We're all familiar with the adage about us knowing more about the surface of the moon than the ocean floor, so perhaps it's this not knowing that keeps us full of awe and wonder whenever we see anything subaquatic. Underwater wildlife photographer Christian Vizl has been diving into the depths of the world's beautiful oceans and seas for the past 30 years; he shares nine top tips when shooting all things under the water's surface.
TECHNIQUE: IT’S A GOOD PLACE TO START
While it’s not all about technique it’s a good place to start. I love to shoot with a wideangle lens, I often use a 16-35mm as it gives me quite a bit of flexibility when wanting to get close to my subjects. I’ll switch my settings to shutter priority so I’m freer to concentrate on getting those important shots - as wildlife can be pretty unpredictable fast moving! If shooting macro, manual settings are a must so you can control mainly depth of field while using flash.
MAKE SURE YOU...
To be a good underwater photographer you’ve got to (obviously) be well trained in diving. Before you consider taking a camera out make sure you’re totally confident in the ocean. Spend time developing your distinctive style and of course respect the wildlife and their environment.
TRY AND AVOID...
This goes without saying but always good to remind everyone! It’s really important to not touch or harass the animals in any way. Make sure you don’t go beyond your capabilities while diving and be respectful of other divers too. It’s a special community the diving community and being supportive of another is key.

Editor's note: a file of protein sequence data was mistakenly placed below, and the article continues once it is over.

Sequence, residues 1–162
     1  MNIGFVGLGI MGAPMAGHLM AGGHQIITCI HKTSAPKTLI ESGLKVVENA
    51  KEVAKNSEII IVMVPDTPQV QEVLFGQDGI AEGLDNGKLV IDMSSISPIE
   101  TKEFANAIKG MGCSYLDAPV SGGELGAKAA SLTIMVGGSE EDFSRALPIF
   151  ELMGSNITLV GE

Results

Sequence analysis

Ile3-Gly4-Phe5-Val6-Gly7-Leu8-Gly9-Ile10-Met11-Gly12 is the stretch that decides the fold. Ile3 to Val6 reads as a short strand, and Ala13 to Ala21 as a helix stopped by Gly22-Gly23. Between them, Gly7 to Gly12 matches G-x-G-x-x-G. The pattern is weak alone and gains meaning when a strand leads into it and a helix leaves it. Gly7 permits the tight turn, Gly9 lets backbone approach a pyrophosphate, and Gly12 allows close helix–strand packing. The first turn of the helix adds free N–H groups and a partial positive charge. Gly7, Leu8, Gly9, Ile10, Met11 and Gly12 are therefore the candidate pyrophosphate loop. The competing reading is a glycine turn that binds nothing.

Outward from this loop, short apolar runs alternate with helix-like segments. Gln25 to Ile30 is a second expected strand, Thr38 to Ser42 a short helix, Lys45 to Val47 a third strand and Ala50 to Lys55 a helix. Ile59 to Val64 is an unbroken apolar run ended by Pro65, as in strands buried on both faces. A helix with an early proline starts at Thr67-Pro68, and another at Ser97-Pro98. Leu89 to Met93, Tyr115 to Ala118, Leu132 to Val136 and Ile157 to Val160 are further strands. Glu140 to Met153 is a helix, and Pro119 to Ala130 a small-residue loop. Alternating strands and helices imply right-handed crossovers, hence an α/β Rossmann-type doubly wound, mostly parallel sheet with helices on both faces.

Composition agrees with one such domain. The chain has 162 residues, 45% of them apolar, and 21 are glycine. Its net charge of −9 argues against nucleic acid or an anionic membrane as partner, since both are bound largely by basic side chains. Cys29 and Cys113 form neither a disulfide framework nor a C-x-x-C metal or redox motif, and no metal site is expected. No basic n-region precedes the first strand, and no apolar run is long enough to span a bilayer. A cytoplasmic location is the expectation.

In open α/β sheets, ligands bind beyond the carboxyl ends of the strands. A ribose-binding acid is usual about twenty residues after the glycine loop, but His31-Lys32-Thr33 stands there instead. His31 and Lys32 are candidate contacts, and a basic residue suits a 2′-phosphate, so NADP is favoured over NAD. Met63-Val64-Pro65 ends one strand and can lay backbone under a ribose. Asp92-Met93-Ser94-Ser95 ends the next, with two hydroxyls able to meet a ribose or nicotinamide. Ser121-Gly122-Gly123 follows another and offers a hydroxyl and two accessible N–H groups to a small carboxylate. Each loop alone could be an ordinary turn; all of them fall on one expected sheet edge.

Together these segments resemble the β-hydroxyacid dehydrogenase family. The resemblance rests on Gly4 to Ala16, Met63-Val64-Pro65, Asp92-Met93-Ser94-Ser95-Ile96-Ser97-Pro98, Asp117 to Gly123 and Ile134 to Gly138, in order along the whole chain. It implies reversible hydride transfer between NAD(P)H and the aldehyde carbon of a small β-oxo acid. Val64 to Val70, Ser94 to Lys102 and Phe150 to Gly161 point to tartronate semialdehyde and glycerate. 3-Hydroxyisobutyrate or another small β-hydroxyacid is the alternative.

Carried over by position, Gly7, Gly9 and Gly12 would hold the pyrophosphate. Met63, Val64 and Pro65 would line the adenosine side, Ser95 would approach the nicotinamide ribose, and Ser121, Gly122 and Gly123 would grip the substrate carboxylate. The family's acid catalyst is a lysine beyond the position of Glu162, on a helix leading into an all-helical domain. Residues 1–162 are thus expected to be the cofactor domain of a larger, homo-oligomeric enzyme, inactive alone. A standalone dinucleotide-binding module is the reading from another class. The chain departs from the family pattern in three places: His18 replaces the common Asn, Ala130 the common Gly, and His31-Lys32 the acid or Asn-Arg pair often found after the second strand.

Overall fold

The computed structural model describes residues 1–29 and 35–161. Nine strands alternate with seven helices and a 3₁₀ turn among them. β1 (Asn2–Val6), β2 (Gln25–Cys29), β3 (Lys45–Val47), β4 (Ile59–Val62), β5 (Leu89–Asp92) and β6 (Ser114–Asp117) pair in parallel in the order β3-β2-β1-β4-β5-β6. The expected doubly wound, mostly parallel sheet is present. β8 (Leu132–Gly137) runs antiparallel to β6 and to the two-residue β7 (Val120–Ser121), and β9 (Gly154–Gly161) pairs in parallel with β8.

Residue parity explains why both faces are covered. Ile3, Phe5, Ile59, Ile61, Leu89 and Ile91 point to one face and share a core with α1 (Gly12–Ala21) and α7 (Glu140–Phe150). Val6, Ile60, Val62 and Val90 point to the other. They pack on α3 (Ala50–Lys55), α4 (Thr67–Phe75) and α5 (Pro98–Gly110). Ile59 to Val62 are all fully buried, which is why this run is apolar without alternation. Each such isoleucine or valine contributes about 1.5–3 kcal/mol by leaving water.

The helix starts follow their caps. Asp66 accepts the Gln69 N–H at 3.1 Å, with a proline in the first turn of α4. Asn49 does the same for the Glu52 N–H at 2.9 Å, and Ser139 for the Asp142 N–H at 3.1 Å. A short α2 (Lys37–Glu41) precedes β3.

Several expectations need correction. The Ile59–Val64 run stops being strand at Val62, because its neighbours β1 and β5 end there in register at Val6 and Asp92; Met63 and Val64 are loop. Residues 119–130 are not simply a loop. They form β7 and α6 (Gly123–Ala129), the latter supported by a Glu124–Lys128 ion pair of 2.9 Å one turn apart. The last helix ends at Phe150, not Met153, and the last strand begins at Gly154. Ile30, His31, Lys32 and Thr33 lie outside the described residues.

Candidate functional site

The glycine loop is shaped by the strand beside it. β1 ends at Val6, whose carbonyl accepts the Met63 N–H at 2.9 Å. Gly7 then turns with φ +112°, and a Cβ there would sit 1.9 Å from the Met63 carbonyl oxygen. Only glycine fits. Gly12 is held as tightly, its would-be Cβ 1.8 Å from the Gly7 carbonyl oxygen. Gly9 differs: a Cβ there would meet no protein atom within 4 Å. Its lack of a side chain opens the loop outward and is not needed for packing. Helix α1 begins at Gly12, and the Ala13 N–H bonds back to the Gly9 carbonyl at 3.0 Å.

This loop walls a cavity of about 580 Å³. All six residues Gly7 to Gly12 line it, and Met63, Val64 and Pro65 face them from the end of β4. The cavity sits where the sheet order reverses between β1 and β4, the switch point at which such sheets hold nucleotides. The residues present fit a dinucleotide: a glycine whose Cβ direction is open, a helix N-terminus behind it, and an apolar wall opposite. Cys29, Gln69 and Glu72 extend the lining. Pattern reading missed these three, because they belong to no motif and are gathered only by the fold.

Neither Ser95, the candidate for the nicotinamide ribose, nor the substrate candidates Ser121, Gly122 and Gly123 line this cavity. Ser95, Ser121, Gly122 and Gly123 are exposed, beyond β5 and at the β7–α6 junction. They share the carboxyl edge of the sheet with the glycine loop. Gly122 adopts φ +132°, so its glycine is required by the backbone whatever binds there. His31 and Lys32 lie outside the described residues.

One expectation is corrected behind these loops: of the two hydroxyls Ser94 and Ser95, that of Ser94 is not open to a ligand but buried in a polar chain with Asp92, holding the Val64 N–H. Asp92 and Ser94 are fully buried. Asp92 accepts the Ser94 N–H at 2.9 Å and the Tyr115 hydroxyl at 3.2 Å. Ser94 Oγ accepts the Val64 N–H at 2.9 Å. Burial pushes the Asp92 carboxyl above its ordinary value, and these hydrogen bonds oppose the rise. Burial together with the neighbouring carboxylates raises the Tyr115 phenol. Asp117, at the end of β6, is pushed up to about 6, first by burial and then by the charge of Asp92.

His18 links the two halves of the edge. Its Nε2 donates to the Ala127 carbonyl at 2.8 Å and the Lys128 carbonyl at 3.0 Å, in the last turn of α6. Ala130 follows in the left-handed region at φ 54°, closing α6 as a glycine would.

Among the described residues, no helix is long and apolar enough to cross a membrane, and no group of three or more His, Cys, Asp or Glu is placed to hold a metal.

RESEARCH, RESEARCH, RESEARCH
Researching and planning is key in underwater photography as conditions are so critical in getting the right shots. Make sure you check out the best diving centers, times of the year and, of course, be really familiar with the behaviour of the animals you’ll be encountering. The more you can learn about your subject the better.
FORMING A RAPPORT
The most important thing in wildlife photography is to develop a profound love and respect for your subjects and discover as much as possible about their particular behaviour so you can behave accordingly and maximize your chances to establish a positive rapport, but keep in mind that each animal is an individual and will have individual behavior.
Check the forecast before you head out. If the weather is bad, the diving center won’t take people out but in terms of avoiding conditions as a photographer try and avoid times of strong winds as they can create big waves which isn’t great for images. I’m a firm believer you can create an amazing photograph in any lighting condition.
AIM FOR THE TOP LOCATIONS
You’ve got to travel to where the most amazing wildlife are to get those great shots. For me, South Baja California, particularly La Paz, Cabo Pulmo and Los Cabos are my top three spots.
Keep looking at other photographers’ work, it’s a great way to learn how to compose an image as well as seeing the many ways you can communicate what’s going on in the world. Jacques Cousteau, Henri Cartier-Bresson, Ansel Adams, Sebastian Salgado, Nick Brandt, Peter Beard, David Doubilet and Ernie Brooks have all been lifelong inspirations.
Post-production has always been a key element in photography however today’s technology offers us tools with almost endless capabilities, so sometimes it’s tricky to know where to start. Try and know one post-processing software tool really well. I only use Adobe’s Lightroom for my editing.
Enter your best wildlife or underwater photography images to the 2020 Sony World Photography Awards competition, now open and free to enter.
Christian Vizl was born in Mexico City and has been a photographer for over three decades. He's won numerous international professional awards including Wildlife Photographer of the Year, International Photographer of the Year and has been recognized in the Sony World Photography Awards. Vizl has served as a judge in several international underwater photography contests and his images have been published in numerous media outlets, including National Geographic and Ocean Geographic.
Silent Kingdom: A World Beneath the Waves is out now
By David Doubilet, Dr. Sylvia A. Earle, Christian Vizl